Old Home Café: The Next Generation

By Edward Floden, based on characters and situations created by William D. Fries, Jr.

Episode XXIII: Fast Food, Part Two

(Originally published in The Legend-News of 2003 September 2.)

Harry Parsons unfolded the biggest brochure that Jon had ever seen. This wasn’t your fold-it-in-half-and-stick-it-in-your-pocket brochure; this thing began at a folded size of 8.5 inches by 11 and finished as a monster at 34 inches by 22. Heck, it wasn’t a brochure, it was a poster.

And a well-used poster, at that. Circles and arrows and short paragraphs pointed to and described the features of the Auto-Dog, from the five-gallon water tank to the four sausage modules and the twelve condiment dispensers and the three bun compartments. Refrigerated storage bins at the bottom, propane-fired steamers in the middle, and a giant umbrella on the top.

But unlike the typical hotdog pushcart, the Auto-Dog wasn’t designed with the idea of one-man, one-dog in mind. Prominent on the side of the unit was an LCD touch-screen controller, listing all of the available sandwich options on the unit. Want an all-beef Vienna? Press the red-and-yellow “Vienna” button. Regular or foot-long? Press a button for one. Mustard, onions, cucumber, mayonnaise? Press a button.

“Mayo?” asked Jon. “On a hot dog?” He shuddered, as if someone has dumped Heinz 57 on a steak.

Harry shrugged. “Beats me. Some people have been known to order it. Worse than ketchup, in my opinion. Now, horseradish sauce…”

“Stop right there,” said Jon. He examined the brochure more closely. “So, this thing is an automated hot-dog assembly line?”

“Pretty much,” said Harry. “You, the operator, need to refill the compartments as necessary, from the supplies stored in the base. The customers, on the other hand, make their selections from this front panel” — he pointed to the LCD screen — “and then confirm their choices. The sandwich assembly begins automatically at the bun end of the cart, and proceeds along the center conveyor to the operator station at the other end, where you stand, ready to take their money.” And like a prize presenter on a television game show, Harry waved in the direction of the operator station on the brochure and smile broadly.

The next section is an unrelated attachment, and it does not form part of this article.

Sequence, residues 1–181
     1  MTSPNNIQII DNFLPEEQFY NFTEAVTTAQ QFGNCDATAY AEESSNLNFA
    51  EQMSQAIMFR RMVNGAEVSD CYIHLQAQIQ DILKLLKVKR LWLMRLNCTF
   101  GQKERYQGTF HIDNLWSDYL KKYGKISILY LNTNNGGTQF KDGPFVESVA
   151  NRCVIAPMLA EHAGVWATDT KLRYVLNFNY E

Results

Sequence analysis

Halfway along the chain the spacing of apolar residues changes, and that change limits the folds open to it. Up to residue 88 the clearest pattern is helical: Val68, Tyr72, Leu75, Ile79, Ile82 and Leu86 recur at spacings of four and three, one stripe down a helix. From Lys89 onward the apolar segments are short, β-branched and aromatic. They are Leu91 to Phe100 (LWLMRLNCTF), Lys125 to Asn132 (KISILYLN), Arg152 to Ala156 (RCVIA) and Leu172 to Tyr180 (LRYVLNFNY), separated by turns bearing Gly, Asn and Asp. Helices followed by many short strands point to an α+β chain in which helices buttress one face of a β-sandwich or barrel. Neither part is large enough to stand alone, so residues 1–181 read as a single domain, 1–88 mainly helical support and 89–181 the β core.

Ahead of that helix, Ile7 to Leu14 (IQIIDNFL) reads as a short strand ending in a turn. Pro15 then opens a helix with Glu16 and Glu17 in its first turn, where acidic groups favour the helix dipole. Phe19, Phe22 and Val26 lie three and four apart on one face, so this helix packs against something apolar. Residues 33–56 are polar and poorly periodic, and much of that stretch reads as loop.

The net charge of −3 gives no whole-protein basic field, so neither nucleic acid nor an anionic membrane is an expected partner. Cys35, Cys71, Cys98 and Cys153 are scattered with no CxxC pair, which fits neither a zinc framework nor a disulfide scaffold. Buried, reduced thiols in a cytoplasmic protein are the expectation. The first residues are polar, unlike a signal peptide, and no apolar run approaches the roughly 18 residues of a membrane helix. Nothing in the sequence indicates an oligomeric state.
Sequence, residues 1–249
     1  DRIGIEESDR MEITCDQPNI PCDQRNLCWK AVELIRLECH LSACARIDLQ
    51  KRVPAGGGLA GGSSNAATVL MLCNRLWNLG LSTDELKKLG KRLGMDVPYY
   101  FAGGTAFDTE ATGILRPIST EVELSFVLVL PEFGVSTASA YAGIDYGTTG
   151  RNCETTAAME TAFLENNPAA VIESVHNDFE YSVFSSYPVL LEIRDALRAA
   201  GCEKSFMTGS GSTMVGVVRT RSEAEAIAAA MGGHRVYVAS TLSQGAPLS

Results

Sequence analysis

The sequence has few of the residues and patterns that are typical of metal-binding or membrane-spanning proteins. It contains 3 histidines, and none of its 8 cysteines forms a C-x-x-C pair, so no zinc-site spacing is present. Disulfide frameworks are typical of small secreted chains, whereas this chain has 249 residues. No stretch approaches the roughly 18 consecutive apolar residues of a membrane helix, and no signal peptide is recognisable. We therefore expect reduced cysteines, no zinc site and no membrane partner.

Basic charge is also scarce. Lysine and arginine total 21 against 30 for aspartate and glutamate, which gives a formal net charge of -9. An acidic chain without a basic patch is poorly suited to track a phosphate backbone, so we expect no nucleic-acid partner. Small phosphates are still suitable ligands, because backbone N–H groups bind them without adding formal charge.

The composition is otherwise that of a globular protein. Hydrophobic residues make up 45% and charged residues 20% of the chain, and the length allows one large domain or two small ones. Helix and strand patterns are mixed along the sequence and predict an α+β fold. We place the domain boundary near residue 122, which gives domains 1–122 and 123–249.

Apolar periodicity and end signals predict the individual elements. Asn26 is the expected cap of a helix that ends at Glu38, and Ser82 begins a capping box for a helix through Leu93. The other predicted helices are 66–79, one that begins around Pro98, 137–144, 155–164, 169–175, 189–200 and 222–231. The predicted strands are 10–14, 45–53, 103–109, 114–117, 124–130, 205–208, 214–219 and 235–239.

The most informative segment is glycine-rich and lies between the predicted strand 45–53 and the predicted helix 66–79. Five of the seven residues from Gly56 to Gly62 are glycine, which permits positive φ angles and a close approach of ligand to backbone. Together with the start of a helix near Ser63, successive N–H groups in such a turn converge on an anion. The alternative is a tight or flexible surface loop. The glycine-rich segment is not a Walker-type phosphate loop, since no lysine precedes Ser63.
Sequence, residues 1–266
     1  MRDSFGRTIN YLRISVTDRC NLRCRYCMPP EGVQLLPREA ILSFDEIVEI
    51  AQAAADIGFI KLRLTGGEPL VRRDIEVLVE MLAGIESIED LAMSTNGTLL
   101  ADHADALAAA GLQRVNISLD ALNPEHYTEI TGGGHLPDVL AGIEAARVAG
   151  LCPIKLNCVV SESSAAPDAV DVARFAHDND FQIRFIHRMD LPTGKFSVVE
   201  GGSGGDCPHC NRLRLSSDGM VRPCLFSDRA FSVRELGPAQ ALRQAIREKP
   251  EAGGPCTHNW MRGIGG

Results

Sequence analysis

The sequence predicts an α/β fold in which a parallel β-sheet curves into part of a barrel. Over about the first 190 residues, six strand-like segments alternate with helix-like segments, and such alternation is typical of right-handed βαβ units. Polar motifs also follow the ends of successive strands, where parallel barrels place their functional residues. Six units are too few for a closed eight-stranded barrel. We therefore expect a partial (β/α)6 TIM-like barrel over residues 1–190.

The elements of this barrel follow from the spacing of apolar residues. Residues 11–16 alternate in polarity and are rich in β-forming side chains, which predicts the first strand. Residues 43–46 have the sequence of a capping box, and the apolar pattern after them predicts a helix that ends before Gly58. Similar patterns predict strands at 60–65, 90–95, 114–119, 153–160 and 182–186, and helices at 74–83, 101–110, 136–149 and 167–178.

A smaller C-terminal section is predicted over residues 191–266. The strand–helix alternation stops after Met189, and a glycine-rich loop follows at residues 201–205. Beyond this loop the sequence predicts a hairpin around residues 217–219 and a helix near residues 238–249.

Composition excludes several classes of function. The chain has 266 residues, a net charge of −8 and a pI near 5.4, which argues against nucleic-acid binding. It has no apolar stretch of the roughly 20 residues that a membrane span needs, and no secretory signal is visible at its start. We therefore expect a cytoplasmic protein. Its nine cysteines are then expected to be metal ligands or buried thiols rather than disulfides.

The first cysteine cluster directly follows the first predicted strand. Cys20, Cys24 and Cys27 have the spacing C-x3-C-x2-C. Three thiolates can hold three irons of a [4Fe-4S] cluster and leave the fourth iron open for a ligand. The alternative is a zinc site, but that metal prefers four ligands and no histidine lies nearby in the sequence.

“Fascinating,” said Jon. “What’s the speed, though? Regular dog, poppy seed bun, mustard, relish, onion, sport peppers, start to finish?”

“Ignoring the time required for customer input,” said Harry, “that would take approximately fourteen seconds.”

Larry, who had been looking over the Auto-Dog’s features while Harry spoke with Jon, piped up. “I can make that dog in twelve seconds.”

“Probably you could,” said Jon. “But our current equipment isn’t this portable. And for the Firemen’s Ball, we were planning to grill the meat, not steam. Can the Auto-Dog do open-flame cooking, too?”

From his dispatch case, Harry pulled another brochure, similar to the first. He spread it open on the counter. “Of course! Using the standard propane module, the steamer unit can be replaced by a grill. And, if you’re using the grill, the addition of these hamburger modules can turn the Auto-Dog into a hot dog and hamburger barbecue machine.”

“One more question,” said Jon. “How much?”

Harry grabbed a napkin from the nearest dispenser on the counter and scrawled a number on it and gave it to Jon. “That much,” he said. “I know, you need time to think. Keep these brochures, and here’s a CD-ROM with a QuickTime movie showing the Auto-Dog in action. And if you want, I can arrange for a demonstration unit to be here in a few days.”

As he packed up his case, Harry thanked Jon for the opportunity. “And if you’ve got questions, just call me. Here’s my card. I’ll be in the this area for a few days before heading east. Call me,” he reminded Jon, as he walked out the door.

Jon looked at the price that Harry quoted. Was it possible? Time to crunch some numbers.

To be continued…

Next: A demonstration

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